Country's Chief Executive Abdullah Abdullah comes second with 39.52 per cent, while Gulbuddin Hekmatyar, the former prime minister and the leader of the Hezb-e Islami political party, got 3.85 per cent of the vote, according to the preliminary results.
Abdullah wrote on Facebook later in the day that he did not agree with the preliminary results and called the election "rigged."
The US ambassador to Kabul, John Bass, wrote on Twitter that the figures announced by the IEC were not final and several more steps were needed to certify the preliminary results.
2/3 It’s important for all #Afghans to remember: these results are preliminary. Many steps remain before final election results are certified, to ensure the Afghan people have confidence in the results.— John R. Bass (@USAmbKabul) December 22, 2019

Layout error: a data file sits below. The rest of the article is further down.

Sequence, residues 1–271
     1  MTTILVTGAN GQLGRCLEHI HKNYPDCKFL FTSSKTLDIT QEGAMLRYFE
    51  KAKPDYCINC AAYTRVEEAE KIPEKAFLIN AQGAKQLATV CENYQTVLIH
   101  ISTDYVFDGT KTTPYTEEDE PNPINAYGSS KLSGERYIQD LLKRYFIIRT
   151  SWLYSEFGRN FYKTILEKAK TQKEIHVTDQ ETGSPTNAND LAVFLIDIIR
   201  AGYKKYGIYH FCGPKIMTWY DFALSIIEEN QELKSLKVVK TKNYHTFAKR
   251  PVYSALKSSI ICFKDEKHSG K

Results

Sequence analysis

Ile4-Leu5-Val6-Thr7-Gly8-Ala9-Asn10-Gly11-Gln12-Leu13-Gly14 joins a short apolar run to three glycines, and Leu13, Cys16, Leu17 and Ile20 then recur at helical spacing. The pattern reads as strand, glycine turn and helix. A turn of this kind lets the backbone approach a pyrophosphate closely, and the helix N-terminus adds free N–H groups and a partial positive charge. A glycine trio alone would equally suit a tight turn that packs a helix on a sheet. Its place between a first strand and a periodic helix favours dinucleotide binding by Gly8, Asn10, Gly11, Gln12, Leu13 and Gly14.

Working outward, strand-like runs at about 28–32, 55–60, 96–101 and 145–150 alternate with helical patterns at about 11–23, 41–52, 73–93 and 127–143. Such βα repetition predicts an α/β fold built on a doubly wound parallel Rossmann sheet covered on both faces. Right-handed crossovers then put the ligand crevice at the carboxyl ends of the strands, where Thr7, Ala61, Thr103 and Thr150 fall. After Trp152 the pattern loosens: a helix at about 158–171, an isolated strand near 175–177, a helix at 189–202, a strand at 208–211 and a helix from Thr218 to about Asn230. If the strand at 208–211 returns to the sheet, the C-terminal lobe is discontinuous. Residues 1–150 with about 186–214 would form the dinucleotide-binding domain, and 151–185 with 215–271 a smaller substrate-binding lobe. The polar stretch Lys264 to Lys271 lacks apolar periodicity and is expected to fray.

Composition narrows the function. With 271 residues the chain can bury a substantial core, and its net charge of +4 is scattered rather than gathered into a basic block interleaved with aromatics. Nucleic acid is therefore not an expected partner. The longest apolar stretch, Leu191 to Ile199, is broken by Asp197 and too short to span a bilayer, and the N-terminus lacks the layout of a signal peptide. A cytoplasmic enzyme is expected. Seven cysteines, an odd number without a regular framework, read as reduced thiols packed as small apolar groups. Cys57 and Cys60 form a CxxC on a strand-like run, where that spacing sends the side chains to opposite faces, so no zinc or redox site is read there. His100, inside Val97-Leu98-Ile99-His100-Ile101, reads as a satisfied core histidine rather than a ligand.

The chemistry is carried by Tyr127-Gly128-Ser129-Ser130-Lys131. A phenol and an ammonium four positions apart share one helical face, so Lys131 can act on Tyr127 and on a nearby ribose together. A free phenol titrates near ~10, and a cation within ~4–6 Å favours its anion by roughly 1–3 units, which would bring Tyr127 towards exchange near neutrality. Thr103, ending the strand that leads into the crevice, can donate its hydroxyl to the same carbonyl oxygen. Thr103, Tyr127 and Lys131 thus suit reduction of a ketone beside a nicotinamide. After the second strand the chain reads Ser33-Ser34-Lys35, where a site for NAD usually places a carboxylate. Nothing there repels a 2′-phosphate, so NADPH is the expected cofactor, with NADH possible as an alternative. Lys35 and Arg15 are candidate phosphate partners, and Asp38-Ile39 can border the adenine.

The United Nations Assistance Mission in Afghanistan (UNAMA), in turn, has welcomed the IEC announcement and praised the electoral bodies for their work.
"UNAMA welcomes the announcement of the preliminary results for Afghanistan’s presidential election and commends the country’s electoral bodies – the Independent Election Commission (IEC) and the Electoral Complaints Commission (ECC) – for their work leading up to the announcement," UNAMA said in a press release.
The presidential election was held on 28 September but the results have been postponed by two months amid auditing, with supporters of key candidate Abdullah blocking the commission’s attempts to recount votes in seven provinces.
To win the election, a candidate needs to get more than 50 per cent of the vote. Final results of the election will be announced after candidates' complaints are fully reviewed.